Find the answers to those questions and more here in seven recent expert guides to social and online PR.
8 Steps to Leveraging PR for SEO by iMedia Connection
Noting that news releases incorporate three elements that search engines love—trusted backlinks, social sharing, and fresh content—Krista LaRiviere provides a brief but helpful eight-step guide to improving rank and traffic to optimized content through the proper use of news releases.
7 secrets of a master digital storyteller by Get in Front Communications
Susan Young explains the concept of brand journalism, which “allows your company to tell its own story in an engaging way that we’ve never experienced before,” then reveals seven “secrets” of master brand storytellers such as “a master storyteller weaves images, video, audio, graphics, and other social tools to make stories pop and impact people.”
Why PR Should Take Social Media Seriously by jeffbullas.com
After advising PR professionals to take social media seriously due to its believability, efficiency and leverage, Jeff Bullas outlines eight major social media channels and contrasts their level of influence with the waning reach of old media. He ends with a discussion of PR values of new media, including Twitter, where “you are able to listen and to respond to what people are saying about your brand in the market place within seconds with worldwide reach.”
10 Simple Strategies To Boost Your B2B PR Campaign by Marx Communications
Wendy Marx offers 10 tips for amplifying hard-earned media coverage, such as promoting your press in your blog, spreading the word via social media, linking to your news from appropriate LinkedIn groups, and “Rework(ing) an article to function as an abstract for a speaking proposal.”
PR Pros Not Keeping Up with What Journalists Want by Spin Sucks
Gini Dietrich reports on recent research showing that “Eighty percent of journalists you’re working with in your media relations efforts want images and nearly that many also want video,” yet among PR professionals, “only four percent (believe images are) important to journalists and just a little more than half (56 percent) routinely add images to their media relations efforts.” And even among Fortune 500 firms, “Only 24 percent of the company sites offer images and 22 percent offer videos.”
Best Practices In B2B PR by Fast Company
Wendy Marx interviews Brian Kardon, CMO at Lattice Engines and formerly with Eloqua and Forrester Research, about PR and its integration with B2B marketing, social media and lead generation efforts. Among Brian’s recommendations are that B2B companies should partner with their outside PR and marketing agencies (“get to know them as people”) and should “Be generous to your influencers. Give them credit. Compliment them. Never shill for your company or products. Be helpful and genuine.”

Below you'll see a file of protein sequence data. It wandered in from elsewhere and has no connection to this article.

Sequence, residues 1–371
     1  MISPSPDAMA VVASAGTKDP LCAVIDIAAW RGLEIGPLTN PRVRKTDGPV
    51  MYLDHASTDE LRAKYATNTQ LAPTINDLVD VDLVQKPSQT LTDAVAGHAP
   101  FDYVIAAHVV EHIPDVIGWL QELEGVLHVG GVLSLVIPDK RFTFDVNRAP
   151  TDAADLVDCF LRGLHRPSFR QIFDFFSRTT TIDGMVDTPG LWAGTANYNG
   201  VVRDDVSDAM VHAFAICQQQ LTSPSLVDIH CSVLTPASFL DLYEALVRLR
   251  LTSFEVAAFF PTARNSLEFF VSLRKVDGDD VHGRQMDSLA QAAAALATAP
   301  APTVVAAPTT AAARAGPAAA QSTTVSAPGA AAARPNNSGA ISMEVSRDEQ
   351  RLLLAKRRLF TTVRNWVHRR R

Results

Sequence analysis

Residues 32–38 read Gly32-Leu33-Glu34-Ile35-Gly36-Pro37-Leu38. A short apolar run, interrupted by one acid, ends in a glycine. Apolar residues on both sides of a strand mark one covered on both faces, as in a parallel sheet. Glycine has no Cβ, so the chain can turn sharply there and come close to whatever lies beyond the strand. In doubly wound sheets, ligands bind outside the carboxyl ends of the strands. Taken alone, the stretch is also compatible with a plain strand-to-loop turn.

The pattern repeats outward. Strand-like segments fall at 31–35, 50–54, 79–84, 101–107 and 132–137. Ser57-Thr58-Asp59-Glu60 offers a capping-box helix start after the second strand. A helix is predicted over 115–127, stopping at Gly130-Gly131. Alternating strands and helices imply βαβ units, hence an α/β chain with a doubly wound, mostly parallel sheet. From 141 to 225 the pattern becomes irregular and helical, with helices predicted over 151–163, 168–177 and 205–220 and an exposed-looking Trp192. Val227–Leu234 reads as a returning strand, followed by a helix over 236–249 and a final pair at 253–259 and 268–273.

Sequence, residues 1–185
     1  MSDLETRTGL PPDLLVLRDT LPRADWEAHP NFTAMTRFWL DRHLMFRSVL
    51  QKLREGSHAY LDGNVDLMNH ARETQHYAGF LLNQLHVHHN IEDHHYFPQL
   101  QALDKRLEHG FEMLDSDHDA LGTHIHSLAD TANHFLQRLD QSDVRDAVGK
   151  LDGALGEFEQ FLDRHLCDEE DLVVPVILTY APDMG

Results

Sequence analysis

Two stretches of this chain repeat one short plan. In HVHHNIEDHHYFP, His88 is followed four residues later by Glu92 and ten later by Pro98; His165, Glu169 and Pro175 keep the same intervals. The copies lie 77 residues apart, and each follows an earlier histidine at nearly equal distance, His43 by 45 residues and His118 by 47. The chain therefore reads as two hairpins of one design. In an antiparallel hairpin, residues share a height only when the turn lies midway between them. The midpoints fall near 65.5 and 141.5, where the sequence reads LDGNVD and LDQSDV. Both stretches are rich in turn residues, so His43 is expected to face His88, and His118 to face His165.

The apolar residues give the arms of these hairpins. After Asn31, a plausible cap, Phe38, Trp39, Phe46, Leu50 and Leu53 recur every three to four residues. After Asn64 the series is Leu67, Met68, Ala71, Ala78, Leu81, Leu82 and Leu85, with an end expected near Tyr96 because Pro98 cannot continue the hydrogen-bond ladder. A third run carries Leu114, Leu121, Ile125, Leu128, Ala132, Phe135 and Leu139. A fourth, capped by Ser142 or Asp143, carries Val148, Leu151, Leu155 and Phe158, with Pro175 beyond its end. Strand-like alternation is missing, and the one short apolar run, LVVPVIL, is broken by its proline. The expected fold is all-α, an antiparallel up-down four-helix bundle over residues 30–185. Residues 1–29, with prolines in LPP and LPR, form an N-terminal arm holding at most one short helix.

12 Perspectives on How B2B SEO Can Better Support PR & Communications by Search Engine Watch
Derek Edmond shares guidance from a dozen PR experts including Stacey Acevero (it’s “essential for B2B PR, marketing and communications teams to have a concrete understanding of SEO elements – it results in a much more harmonious process”) and Elizabeth Sosnow (“You may not be a Sherlock Holmes fan, but you probably know that he couldn’t make it very far without his loyal wingman, Watson. B2B PR folks really need SEOs to help them solve mysteries for their clients”).
What is the distinction between “traditional” public relations (PR) and online / interactive / social PR? Is there really a difference anymore—or is the boundary blurring?
One part of the confusion stems from the fact that in PR, as in many other crafts, the tools change and advance but the fundamental skills required remain the same. PR pros now use tools like Twitter, PitchEngine, PRWeb and Vocus in place of fax machines, media packets, wire services and Bacon’s, but the fundamental skills of storytelling and relationship-building remain crucial.
Another part of the confusion is based on the changing definition of “media.” Every print publication now has an online version. Many “traditional” journalists now write blogs; does that make them bloggers? What really is the distinction between megablogs like TechCrunch or Mashable and an online publication? And some multi-author blogs have morphed into hybrid portal/news/blog sites that are difficult to categorize.
Regardless, while the “art” of PR retains some constants, the “science” has clearly evolved. What are the best practices for pitching journalists in this new environment? What are the (current) best practices for pitching bloggers? How can PR pros optimize their use of social media tools? How can you make a press release more friendly to blogs, Twitter and search engines?
Find the answers to these questions and more here in a dozen of the best social PR guides of the past year.
Pitching Basics – Rules of Engagement by Blogging PRWeb
Noting that “The perfect pitch is one that involves getting to know your target reporters and showing a genuine interest in helping them, rather than treating them as a means to an end,” the delightful Stacey Acevero of Vocus shares a helpful list of “do’s” (e.g., do your research, do be concise) and “don’ts” (e.g., send generic pitches) for successfully getting others to write about your product / service / news / client etc.